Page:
Lawmakers return from their extended summer recess facing pressure from farm groups to ratify the U.S.-Mexico-Canada trade agreement and staring at an Oct. 1 deadline to pass a stopgap spending bill and avoid another government shutdown. 

USMCA backers are pressing White House and House Democrats to reach a deal that will clear the way for President Donald Trump to submit the implementing legislation to Congress for consideration. 

The top Republican on the House Ways and Means Committee, Kevin Brady, R-Texas, said there is “growing bipartisan support” for the deal. “Every day USMCA is stalled in Congress, American workers, families and our economy are missing out,” he said in a speech at Rice University.

But last week a member of a small House Democratic working group, Rosa DeLauro of Connecticut, indicated that the vote could slip into 2020, and she and other Democrats said they would insist on renegotiating the text of the agreement itself. 

“Democrats are committed to a renegotiated deal with strong enforcement mechanisms that helps working families, protects the environment, and preserves access to affordable medicines now and in the future,” said House Ways and Means Chairman Richard Neal, D-Mass.

Democrats are demanding among other things provisions to ensure that labor standards can be enforced in Mexico. 

“I don’t know a single Democrat who wants to see the USMCA go down,” Rep. Emanuel Cleaver, D-Mo., told Agri-Pulse. However he said, “An unenforceable trade deal is a windfall for corporations and a disaster for workers.” 

With the congressional recess ending, the National Corn Growers Association issued a statement saying that USMCA “should be at the top of” lawmakers’ fall agenda. 

“Farmers have taken the opportunity to share this message with lawmakers at local events during the August break and are eager to see the working group process bear fruit so the agreement can move forward for consideration.”

Members of the National Pork Producers Council will be delivering a similar message to lawmakers and aides this week during their fall legislative fly-in. 

The White House won’t submit the implementing legislation to Congress until Speaker Nancy Pelosi, D-Calif., signals the House is ready to consider it.  Once the bill is submitted, the Ways and Means will have 45 session days to report the bill to the House or else the measure is automatically moved to the floor. The House then has 15 session days to vote on the bill. 

The Oct. 1 deadline for keeping the government funding is the more immediate concern facing legislative leaders. The House will take up a continuing resolution the week of Sept. 16 to keep the government funded into the new fiscal year while lawmakers finish work on their 12 annual spending bills. Work on the bills in the Senate had been stalled until Democrats reached agreement with the White House this summer on overall funding limits for the government for fiscal 2020 and 2021.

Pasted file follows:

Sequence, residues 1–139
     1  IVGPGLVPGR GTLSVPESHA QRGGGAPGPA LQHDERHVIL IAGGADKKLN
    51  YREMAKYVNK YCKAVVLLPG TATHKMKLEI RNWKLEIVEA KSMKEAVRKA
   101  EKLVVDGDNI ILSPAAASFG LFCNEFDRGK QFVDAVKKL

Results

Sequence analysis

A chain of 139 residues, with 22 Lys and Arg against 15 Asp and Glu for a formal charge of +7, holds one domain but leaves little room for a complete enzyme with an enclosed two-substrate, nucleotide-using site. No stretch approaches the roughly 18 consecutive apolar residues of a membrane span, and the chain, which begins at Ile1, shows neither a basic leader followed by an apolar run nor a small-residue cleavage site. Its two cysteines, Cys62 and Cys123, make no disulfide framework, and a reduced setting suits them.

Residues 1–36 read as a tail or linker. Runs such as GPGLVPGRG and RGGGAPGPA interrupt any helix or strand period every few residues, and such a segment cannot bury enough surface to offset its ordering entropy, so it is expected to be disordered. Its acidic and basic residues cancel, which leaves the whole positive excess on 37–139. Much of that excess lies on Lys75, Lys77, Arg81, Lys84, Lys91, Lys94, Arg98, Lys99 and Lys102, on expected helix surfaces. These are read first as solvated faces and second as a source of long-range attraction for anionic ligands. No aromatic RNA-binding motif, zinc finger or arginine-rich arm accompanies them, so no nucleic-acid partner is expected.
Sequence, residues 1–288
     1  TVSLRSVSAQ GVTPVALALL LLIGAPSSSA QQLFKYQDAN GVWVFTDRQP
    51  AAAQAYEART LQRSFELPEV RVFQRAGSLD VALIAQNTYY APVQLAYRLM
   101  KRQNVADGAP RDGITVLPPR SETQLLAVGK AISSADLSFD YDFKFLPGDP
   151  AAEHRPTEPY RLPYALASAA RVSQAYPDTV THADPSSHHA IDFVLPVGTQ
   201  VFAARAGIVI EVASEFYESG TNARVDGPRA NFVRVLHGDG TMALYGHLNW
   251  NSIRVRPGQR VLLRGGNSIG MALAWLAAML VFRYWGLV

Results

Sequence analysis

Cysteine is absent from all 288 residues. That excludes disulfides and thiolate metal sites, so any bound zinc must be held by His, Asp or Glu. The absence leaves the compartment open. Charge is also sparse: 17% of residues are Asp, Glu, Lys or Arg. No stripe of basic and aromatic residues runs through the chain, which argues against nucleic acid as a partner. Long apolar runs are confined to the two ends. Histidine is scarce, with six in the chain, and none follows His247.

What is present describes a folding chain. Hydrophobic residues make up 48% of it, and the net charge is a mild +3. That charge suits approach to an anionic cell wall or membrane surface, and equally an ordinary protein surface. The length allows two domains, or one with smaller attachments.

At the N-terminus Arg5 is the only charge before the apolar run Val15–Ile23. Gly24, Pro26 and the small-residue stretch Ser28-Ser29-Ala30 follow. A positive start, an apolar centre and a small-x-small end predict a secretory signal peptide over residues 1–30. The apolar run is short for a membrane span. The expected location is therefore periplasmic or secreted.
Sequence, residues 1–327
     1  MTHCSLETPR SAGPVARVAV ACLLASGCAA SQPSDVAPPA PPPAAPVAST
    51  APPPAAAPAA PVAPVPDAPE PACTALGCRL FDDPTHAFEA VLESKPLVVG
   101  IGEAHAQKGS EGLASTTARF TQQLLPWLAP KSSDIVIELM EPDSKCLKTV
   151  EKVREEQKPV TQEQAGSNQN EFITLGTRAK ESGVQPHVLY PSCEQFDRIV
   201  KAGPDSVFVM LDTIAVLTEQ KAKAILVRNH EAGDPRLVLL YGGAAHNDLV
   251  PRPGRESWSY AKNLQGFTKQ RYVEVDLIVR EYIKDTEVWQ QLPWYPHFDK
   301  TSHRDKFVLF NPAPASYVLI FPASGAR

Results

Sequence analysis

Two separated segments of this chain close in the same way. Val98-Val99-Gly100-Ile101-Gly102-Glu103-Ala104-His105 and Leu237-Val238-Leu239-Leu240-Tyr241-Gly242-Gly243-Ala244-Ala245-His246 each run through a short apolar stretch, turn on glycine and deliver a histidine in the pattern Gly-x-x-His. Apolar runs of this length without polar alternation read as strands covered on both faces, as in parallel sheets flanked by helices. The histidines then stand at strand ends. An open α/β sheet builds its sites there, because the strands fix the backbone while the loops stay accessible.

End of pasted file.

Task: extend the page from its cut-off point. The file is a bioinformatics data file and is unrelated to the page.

The Senate Appropriations Committee will start moving its FY20 bills this week, with votes planned Wednesday on four bills, which fund agencies such as the Labor Department, Army Corps of Engineers and the U.S. Agency for International Development.  

As the committee considers additional legislation, the pork producers will be urging the lawmakers to include funding for 600 new U.S. agricultural inspectors to prevent the spread of foreign animal diseases to the U.S., including African swine fever, which has devastated China’s pork production. 

Agriculture Secretary Sonny Perdue, who has been defending Trump’s trade tactics around the country in the face of a weak farm economy, is scheduled to address the annual meeting of the National Association of State Departments of Agriculture in Albuquerque, N.M., on Monday. 

The National Farmers Union will also be holding its fall fly-in this week and will meet on Monday with Ted McKinney, USDA’s undersecretary for trade; Greg Ibach, the undersecretary for marketing and regulatory programs; and Richard Fordyce, the administrator of the Farm Service Agency. 

House Democratic leaders, meanwhile, will continue moving bills that send messages for the 2020 campaign, while Senate Majority Leader Mitch McConnell, R-Ky., maintains his focus on confirming judicial nominations and administration officials. 

Still unclear is whether the Senate will take up legislation to tighten gun regulations in the wake of the recent mass shootings. McConnell has indicated he will follow Trump’s lead. 

The House this week will take up three bills that will block oil and gas drilling in the Arctic National Wildlife Refuge, the Atlantic and Pacific Coasts, and in the eastern Gulf of Mexico.

Here is a list of agriculture- or rural-related events scheduled for this week in Washington and elsewhere:

Monday, Sep. 9

National Association of State Departments of Agriculture annual meeting through Thursday,  Albuquerque, N.M.

National Farmers Union fall legislative fly-in, through Wednesday.

4 p.m. - USDA releases weekly Crop Progress report. 

Tuesday, Sep. 10

10 a.m. - House Small Business subcommittee hearing, “Growing the Clean Energy Economy,” 2360 Rayburn.

11:30 a.m. - Senate Labor-HHS Appropriations Subcommittee meeting to consider its fiscal 2020 spending bill, 124 Dirksen. 

Wednesday, Sep. 11

10 a.m. - Senate Environment and Public Works Committee hearing on the nomination of Aurelia Skipwith to be director of the U.S. Fish and Wildlife Service, 406 Dirksen.

Thursday, Sep. 12

8:30 a.m. - USDA releases Weekly Export Sales report. 

10:30 a.m. - Senate Appropriations Committee meeting to consider FY20 subcommittee allocations and the FY20 Defense, Energy-Water, State-Foreign Operations and Labor-HHS spending bills, 106 Dirksen.

Noon - USDA releases monthly Crop Production report and World Agricultural Supply and Demand Estimates

Friday, Sep. 13

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